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Cigars - Page 579

post #8671 of 9827
Nah not once a day, I'm a college student, other things take up the time I would devote to smoking. Probably somewhere around 2-3 times a week if I would estimate. More in the spring, summer, and fall, less in the winter.

But yeah, I wouldn't define once a week as often at all either.

and re: travel humidor, no one anywhere ever notices it or what it is. I like it better that way too. People either assume it's just a funky aluminum box or a metal travel humidor. The elastic to keep the cigars in place is kind of a bitch, fucks up wrappers more than I would like.
post #8672 of 9827
damn son, think im going to cop a zero that's your rimowas size to go with my bigger halli

had 3 cigars today and probably will have 3 tomorrow, going to be hot as fuck so headed down to newport beach with the homies to cool off
post #8673 of 9827
cusano 18 robusto
post #8674 of 9827
Quote:
Originally Posted by jet View Post

damn son, think im going to cop a zero that's your rimowas size to go with my bigger halli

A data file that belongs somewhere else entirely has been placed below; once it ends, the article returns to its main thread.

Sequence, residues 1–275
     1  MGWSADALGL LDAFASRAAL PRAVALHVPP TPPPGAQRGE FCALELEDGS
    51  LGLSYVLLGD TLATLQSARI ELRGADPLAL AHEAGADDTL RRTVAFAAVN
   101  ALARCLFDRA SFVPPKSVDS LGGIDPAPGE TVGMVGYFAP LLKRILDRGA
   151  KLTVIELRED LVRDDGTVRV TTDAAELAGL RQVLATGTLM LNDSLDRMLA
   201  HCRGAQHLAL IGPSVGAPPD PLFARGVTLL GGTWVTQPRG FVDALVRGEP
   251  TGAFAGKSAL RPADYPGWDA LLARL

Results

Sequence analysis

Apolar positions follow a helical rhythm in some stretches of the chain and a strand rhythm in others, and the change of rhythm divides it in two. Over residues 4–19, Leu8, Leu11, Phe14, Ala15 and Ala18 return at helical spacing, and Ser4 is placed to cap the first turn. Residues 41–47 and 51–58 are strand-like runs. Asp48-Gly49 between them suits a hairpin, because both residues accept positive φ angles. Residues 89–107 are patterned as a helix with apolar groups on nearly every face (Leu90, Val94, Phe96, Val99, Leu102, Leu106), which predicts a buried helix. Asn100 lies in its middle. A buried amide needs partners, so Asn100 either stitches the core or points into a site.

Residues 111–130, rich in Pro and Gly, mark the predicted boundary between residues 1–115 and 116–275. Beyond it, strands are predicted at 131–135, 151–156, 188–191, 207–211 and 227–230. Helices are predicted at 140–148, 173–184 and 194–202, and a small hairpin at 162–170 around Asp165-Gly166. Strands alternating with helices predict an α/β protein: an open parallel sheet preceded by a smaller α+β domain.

had 3 cigars today and probably will have 3 tomorrow, going to be hot as fuck so headed down to newport beach with the homies to cool off

Damn man, take it easy.

post #8675 of 9827

The tradeshow was insane. I have smoked about 40 cigars since thursday. A lot of big things dropping. DE Cuenca y Blanco was great, the papa fritas were deceptively good for something that's not technically a premium. Two of my new favorites are the La Sirena "Merlion" line, which is a total departure from the original blended by Don Pepin, but incredible. Its a lot like the ecuadorian wrap La Aurora BME toro, but in the smaller sizes it comes across more floral and a bit more citrus, with a decent side of red pepper spice. The new Fernando Leon's blow the Guillermo's out of the water (for me) despite that having been one of my favorite Dominican cigars. Pete from Tatuaje is working on a new line called L'Atelier which is showing a lot of promise, and the La Duena is rapidly becoming a favorite (the lancero was unbelievable). Keep an eye out for a few new things from Herklotz over at Nat Sherman too, I haven't had a chance to smoke his samples yet (waiting for my palette to recover from this weekend) but he never fails to impress.

post #8676 of 9827
Think I'm going to get some stoogies for the cool weather. Cool and smooth smoking. Suggestions?